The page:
In this scenario, there is a corporate travel program but employees are welcome to go outside of it if they find a better price, or simply if they find something more to their liking. A variety of new technologies help the company capture open booking information and bring it back into the program so managers still have the needed visibility and cost control.
The travel game
Tools such as RocketTrip and TravelPerk are gamifying travel booking. Using these apps, employees can book however they want to, but they get rewards or share in the savings when they keep expenses below policy limits.
That's a nice way to let people take advantage of lower prices they may find on Airbnb, or maybe opt to fly premium economy instead of business class if that’s allowed. There's something in it for the employee, and so there's alignment of the employee and the employer's incentives around saving money.
Capture the data
It used to be that all of your travel data came from your travel agency and booking tool. Many expense management technology solutions can now bring credit card data into the mix, so if hotels or airline tickets are purchased with a company card, cost and itinerary data is available.
Get the travelers to give you the info
There are also trip aggregation apps that let employees forward open booking confirmation emails to the expense management system, where the data is captured and populated into the employee’s expense report.
The key to getting travelers to help is simplification. In that regard, expense management providers are in a unique position in that there’s a natural incentive for employees to share their open booking information because it makes it faster and easier to submit their expense report and get paid.
Technology is also helping large and global organizations that have people traveling a lot internationally solve for risk management, sometimes called duty of care.
In the old days, companies used travel agent reporting to locate employees in case of emergency. Now, in addition to corporate card data, mobile check-ins using the GPS on travelers’ phones is emerging as an alternative.
The way it works is, a little box pops up when they land. It says, "Are you okay?" and maybe asks them a question or two. It does that on daily basis just to check in and make sure they're secure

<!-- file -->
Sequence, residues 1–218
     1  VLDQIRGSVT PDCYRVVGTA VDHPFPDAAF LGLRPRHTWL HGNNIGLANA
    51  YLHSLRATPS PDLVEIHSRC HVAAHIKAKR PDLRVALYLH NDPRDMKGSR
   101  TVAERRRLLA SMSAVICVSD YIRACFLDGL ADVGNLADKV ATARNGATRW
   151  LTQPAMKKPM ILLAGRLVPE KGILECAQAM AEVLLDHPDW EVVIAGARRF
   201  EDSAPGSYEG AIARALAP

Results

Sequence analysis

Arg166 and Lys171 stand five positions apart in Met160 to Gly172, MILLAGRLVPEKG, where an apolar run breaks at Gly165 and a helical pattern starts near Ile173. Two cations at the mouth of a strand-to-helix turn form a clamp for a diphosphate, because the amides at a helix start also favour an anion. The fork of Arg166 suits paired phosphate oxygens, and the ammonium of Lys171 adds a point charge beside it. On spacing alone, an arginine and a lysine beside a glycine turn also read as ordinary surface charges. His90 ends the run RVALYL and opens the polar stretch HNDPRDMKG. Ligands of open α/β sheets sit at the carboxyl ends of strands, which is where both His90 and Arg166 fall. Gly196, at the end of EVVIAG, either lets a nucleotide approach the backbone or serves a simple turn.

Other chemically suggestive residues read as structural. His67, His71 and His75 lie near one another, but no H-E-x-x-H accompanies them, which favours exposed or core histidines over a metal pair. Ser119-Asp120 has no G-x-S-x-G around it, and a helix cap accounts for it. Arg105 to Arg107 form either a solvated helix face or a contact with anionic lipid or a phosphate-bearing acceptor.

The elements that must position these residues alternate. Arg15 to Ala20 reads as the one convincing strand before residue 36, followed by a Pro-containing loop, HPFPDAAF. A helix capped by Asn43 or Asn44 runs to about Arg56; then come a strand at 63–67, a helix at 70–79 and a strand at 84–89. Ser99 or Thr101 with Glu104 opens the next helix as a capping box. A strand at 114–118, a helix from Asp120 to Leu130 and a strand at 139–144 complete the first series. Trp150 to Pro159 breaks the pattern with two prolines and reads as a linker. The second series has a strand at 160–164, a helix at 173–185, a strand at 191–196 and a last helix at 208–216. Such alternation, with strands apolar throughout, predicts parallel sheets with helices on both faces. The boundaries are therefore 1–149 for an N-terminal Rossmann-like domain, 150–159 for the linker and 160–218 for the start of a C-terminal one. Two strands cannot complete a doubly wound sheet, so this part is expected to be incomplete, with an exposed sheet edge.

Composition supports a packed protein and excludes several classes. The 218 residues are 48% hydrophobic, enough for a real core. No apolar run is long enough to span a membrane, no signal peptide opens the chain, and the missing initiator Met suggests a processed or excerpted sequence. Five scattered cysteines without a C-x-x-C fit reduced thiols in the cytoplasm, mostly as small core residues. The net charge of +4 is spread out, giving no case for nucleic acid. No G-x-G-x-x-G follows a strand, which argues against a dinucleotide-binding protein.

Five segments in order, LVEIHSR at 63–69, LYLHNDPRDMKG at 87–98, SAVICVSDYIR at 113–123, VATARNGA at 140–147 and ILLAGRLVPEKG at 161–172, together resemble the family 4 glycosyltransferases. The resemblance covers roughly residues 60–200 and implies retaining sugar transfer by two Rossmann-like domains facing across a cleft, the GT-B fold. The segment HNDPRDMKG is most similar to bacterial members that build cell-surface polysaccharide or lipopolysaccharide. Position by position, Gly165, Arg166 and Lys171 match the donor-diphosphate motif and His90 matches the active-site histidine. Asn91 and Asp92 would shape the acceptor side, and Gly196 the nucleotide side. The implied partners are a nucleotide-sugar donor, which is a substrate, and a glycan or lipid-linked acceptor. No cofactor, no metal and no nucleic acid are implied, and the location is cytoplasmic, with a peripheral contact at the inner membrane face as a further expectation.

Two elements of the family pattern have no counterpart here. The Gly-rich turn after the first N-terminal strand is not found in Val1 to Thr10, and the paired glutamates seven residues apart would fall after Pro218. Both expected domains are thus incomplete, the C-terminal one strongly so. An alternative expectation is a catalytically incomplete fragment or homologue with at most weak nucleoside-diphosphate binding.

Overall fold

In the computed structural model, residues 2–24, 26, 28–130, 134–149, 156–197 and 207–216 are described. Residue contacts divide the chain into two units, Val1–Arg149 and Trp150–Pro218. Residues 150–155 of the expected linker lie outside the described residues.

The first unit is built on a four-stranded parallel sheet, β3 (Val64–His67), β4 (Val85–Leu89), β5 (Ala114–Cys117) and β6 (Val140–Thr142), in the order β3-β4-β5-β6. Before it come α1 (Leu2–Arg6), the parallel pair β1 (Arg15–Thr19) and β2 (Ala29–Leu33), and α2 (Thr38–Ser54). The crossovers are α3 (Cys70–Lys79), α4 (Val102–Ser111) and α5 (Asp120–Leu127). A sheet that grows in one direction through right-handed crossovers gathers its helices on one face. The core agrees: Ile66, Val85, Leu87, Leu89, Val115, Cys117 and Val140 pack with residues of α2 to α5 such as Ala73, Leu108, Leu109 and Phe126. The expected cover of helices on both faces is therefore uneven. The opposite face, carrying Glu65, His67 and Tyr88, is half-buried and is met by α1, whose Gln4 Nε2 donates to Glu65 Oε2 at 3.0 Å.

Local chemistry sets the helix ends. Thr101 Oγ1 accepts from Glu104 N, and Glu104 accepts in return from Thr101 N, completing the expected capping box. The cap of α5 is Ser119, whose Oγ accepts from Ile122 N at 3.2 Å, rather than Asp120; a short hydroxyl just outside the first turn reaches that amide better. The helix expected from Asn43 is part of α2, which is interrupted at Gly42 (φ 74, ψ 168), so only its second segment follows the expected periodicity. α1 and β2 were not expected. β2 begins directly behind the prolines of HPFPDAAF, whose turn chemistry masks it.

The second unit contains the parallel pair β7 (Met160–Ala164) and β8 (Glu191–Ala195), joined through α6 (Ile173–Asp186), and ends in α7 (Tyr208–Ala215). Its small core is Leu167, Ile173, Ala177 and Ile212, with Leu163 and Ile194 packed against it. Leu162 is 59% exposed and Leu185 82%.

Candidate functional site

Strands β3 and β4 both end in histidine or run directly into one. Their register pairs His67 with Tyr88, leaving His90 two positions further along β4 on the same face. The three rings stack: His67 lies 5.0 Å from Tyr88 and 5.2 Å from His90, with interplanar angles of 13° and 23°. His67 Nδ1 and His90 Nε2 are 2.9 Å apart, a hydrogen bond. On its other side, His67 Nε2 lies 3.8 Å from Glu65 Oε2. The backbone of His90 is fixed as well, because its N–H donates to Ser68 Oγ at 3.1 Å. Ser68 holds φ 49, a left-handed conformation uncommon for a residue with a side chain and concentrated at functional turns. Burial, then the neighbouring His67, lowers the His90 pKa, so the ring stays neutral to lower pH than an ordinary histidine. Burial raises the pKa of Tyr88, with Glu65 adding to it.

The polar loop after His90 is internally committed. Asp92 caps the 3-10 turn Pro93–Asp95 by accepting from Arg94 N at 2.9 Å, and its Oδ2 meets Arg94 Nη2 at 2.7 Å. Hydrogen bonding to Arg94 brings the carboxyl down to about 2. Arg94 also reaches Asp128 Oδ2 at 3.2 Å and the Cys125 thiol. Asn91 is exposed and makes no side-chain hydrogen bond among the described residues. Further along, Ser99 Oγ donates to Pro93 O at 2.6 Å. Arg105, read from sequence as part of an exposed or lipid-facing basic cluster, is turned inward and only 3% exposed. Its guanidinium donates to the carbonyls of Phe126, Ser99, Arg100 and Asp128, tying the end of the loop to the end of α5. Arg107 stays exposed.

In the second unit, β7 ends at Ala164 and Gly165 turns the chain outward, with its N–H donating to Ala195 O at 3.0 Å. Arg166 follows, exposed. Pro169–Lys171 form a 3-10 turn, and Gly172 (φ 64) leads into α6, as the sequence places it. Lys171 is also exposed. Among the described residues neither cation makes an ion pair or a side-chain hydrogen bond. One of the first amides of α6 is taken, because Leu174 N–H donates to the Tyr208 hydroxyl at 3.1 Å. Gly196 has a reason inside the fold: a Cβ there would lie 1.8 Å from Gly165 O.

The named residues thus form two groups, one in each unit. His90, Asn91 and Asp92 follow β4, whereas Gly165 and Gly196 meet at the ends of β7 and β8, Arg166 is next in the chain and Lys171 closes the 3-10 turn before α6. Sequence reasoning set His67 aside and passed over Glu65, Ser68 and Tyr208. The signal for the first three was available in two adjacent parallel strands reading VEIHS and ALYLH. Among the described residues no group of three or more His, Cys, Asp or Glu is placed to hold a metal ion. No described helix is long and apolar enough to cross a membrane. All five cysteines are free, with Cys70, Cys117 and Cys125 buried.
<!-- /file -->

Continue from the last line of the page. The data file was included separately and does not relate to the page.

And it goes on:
Of course, the traveler has to opt in and get the app, but according to a recent survey of business travelers 70 percent or more said they would find GPS tracking acceptable when they're traveling overseas to a high-risk destination.
The same benefits, cheaper
These are all examples of current technology that can help companies achieve the same goals as a managed travel program. They can cover reporting, duty of care, and policy compliance. They can capture some discounts while also shaving off the agency’s commission.
As technology improves, I can imagine a day when corporate travel programs as we now know them go away, particularly, for small and mid-size organizations. When you think about the current benefits of a travel program—reporting and policy enforcement—that’s already largely feasible for open bookings. As those things shift to technology companies, TMCs will need to provide more value added concierge services, and many are moving in that direction.
We’re not there yet, so the most practical approach for the majority of companies is probably combining a corporate travel program and a well-thought out approach to open bookings.
Preferred supplier agreements are still one of the big reasons to use a managed travel program.
For big companies that negotiate direct agreements with airlines, hoteliers, and rental car companies, today the most efficient way for employees to take advantage of those discounts is to use the corporate booking tool or a travel agency, where you can load those discounts at point of sale.
If employees go directly to the preferred provider, the only way to take advantage of those agreements is if they know the discount code and make the effort to punch that in.
Finding a way to systematically apply corporate discounts when booking directly on a supplier’s website is the final nut that has to be cracked before open booking can become a mainstream option for mid- to large-sized organizations. The technology is not there yet, and the partnerships with the travel providers are not there yet either.
Until they are, I think it makes sense for most companies to steer people into a managed travel program while becoming “frenemies” with open bookings.
The key to success is setting clear guidelines for when open booking is acceptable, and putting technology in place to capture open booking data and eliminate blind spots.
For example, maybe someone is going to a conference, and there's a bargain conference rate that’s not accessible through the travel agency. That could be an instance where it’s okay to go outside the program.
Set clear guidelines on circumstances where it’s acceptable to book outside the program. Lay out the process to follow when that happens-- charging it to a corporate card, forwarding the confirmation email, or whatever it may be so that you capture the appropriate data.
It used to be that open booking was synonymous with unmanaged travel, but with today’s technology, that no longer need be the case. Open booking will only continue to grow, so companies need to start thinking beyond policing it to how they might begin to strategically embrace it.
There is no simple one-size-fits-all solution, but for companies that aren’t big enough to get a lot of corporate discounts and don't do a lot of complex international travel, these technologies can offer many of the benefits of a managed travel program without the agency fees.
Over time, as more and more of these solutions are built and mainstreamed, we’ll probably see more mid- to large organizations gradually start to allow and eventually incorporate open booking in a way that doesn’t harm their program.
Open booking no longer the enemy. Travelers realized that a long time ago. Now companies need to catch-up.